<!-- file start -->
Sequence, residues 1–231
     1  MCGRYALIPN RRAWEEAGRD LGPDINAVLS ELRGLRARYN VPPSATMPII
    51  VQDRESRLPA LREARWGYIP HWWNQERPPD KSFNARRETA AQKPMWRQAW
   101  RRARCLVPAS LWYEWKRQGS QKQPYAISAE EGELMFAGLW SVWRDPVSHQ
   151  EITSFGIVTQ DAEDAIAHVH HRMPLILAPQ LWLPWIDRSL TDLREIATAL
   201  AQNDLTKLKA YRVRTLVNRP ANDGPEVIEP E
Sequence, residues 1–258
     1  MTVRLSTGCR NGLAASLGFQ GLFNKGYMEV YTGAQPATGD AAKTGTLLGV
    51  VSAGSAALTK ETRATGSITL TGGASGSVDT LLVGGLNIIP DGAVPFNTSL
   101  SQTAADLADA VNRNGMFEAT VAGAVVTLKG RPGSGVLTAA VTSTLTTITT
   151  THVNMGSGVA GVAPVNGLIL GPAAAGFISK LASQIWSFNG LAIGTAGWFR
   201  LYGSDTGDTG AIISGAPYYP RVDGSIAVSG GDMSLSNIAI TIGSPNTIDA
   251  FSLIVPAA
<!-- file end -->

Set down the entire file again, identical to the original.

Sequence, residues 1–231
     1  MCGRYALIPN RRAWEEAGRD LGPDINAVLS ELRGLRARYN VPPSATMPII
    51  VQDRESRLPA LREARWGYIP HWWNQERPPD KSFNARRETA AQKPMWRQAW
   101  RRARCLVPAS LWYEWKRQGS QKQPYAISAE EGELMFAGLW SVWRDPVSHQ
   151  EITSFGIVTQ DAEDAIAHVH HRMPLILAPQ LWLPWIDRSL TDLREIATAL
   201  AQNDLTKLKA YRVRTLVNRP ANDGPEVIEP E
Sequence, residues 1–258
     1  MTVRLSTGCR NGLAASLGFQ GLFNKGYMEV YTGAQPATGD AAKTGTLLGV
    51  VSAGSAALTK ETRATGSITL TGGASGSVDT LLVGGLNIIP DGAVPFNTSL
   101  SQTAADLADA VNRNGMFEAT VAGAVVTLKG RPGSGVLTAA VTSTLTTITT
   151  THVNMGSGVA GVAPVNGLIL GPAAAGFISK LASQIWSFNG LAIGTAGWFR
   201  LYGSDTGDTG AIISGAPYYP RVDGSIAVSG GDMSLSNIAI TIGSPNTIDA
   251  FSLIVPAA